As though in slow motion I’m thrown violently to the ground. As I replay the moment over and over again—perhaps I can stop the fall, roll when I hit the ground, veer left and run up against a nearby wall?—the whirling dervishes whose ceremonies I’d attended so often in Turkey rush across my consciousness. Stately and silently they turn on their toes, one arm stretched upward, the other pointed toward the ground, human lighting rods that channel the divine essence to the earth.
That sublime condition, of the Sufi poised between eternity and infinity, would not be mine.
With a crack I hit the ground. I know I’m hurt. I know this is one of those moments that will mark a sharp break with the past—the carefree and insouciant past in which I would stroll along Agadir’s magnificent seafront promenade arm in arm with my life companion of sixty years.
A small crowd gathers around us. “Can we help?” ask anxious passers-by. “I’ll call an ambulance,” says someone.
“Please do,” we reply. Meanwhile Ingeborg has gotten to her feet, stunned but unhurt while I lie motionless on my left side, unable to move my right leg.
The civil protection ambulance pulls up, the attendants wedge me onto a stretcher, and it speeds off. Where are we going? I have no idea. What happens next? Even less. Soon we pull up at a downtown clinic; the attendants rush me in and transfer me to a gurney. I hear the receptionist ask Ingeborg: “Do you have insurance?” and hear her answer “no”.
“No” because when we moved here, we knew that it would be impossible, at our age, to purchase a policy. We are at the mercy of forces well beyond us.
The clinic could have refused and sent us off to the city’s public hospital, a place we had been advised to keep away from. It did not.
A distinguished-looking man in a white medical jacket—the chief surgeon—comes out, takes one look at my inert and twisted leg and says, “I’ll have you walking in a few days.”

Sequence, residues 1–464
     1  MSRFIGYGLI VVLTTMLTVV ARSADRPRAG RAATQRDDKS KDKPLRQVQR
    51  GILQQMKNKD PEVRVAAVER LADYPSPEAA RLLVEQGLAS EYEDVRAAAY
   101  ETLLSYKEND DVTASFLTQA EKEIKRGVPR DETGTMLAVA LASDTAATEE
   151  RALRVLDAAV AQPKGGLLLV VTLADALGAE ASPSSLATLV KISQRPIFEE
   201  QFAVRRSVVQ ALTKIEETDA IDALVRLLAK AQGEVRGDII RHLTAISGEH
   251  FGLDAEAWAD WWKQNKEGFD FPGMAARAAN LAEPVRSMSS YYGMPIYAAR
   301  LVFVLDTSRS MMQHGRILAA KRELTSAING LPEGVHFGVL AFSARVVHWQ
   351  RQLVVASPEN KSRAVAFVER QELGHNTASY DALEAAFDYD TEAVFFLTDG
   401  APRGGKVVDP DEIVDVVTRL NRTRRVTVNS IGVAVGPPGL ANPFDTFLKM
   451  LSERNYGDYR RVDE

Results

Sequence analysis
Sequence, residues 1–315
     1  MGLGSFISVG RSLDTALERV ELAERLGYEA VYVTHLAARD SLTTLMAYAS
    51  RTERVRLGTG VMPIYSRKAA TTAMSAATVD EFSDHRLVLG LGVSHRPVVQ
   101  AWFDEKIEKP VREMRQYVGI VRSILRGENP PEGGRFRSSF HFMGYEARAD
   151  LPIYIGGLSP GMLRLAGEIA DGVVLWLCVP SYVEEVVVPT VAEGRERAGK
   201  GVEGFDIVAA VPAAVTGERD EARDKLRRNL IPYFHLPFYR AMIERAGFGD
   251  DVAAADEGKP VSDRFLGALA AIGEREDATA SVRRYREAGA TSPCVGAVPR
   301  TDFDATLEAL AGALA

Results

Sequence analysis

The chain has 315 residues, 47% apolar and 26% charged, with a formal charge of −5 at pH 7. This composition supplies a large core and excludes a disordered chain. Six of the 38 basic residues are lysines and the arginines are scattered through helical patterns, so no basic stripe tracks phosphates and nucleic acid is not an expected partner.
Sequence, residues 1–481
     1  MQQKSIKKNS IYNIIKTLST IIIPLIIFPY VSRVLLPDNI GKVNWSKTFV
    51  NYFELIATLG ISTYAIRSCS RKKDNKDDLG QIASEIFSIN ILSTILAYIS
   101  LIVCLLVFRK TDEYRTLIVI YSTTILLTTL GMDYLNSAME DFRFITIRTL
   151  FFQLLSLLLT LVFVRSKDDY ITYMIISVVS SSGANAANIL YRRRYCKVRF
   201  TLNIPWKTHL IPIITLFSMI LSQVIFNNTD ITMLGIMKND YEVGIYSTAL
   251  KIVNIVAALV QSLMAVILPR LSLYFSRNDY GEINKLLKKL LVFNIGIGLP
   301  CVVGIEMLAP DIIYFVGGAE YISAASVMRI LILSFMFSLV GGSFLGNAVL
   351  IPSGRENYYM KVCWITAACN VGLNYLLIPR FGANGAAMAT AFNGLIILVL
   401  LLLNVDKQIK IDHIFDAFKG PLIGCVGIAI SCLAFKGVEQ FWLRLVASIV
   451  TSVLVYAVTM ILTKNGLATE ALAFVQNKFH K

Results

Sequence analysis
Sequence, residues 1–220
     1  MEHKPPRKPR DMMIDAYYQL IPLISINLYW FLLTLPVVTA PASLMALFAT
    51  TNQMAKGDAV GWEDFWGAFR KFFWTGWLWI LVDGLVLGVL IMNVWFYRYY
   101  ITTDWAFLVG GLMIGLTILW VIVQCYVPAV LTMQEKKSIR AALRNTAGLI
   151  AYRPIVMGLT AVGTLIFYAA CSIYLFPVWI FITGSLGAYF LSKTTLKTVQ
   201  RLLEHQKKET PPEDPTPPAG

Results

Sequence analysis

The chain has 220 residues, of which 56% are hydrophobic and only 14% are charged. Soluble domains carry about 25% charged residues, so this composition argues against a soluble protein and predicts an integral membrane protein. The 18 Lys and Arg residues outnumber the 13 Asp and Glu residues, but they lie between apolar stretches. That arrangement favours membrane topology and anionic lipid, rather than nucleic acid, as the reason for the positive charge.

Two weeks later—two of the most extraordinary weeks of my life—I’m home, and taking cautious footsteps, leaning on a walker.
The clinic has been efficient and clean; the nursing staff attentive and patient. What have been extraordinary are the visitors. Virtually everyone we know in Agadir has dropped by to pay his or her respects, some repeatedly. Two prominent and influential gentlemen known for their piety and good works persuaded the clinic to grant us a significant reduction; others came bearing flowers, boxes of dates, cups of coffee, and from our neighbours, trays or bowls of food, spicy, savoury and delicious.
Ever since my bout with Covid-19 my outlook on mortality—my own, of course—has changed. Then, in the darkest hours of early morning, I could sense death exploring my outer perimeter. I felt neither fear nor dread. No one knows the date or hour of his final departure.
My subsequent fall was of a piece with those pre-dawn encounters. Throughout my life, I’ve always known that everything would be all right. That whatever came my way would be the right thing for me, at the right time.
My brush with Covid-19, the fall, the fracture and my two-week hospital stay all seem today of a piece: steps on the road to reconciliation and acceptance of that which lies in wait at the end of the path chosen for me and along which I am now travelling.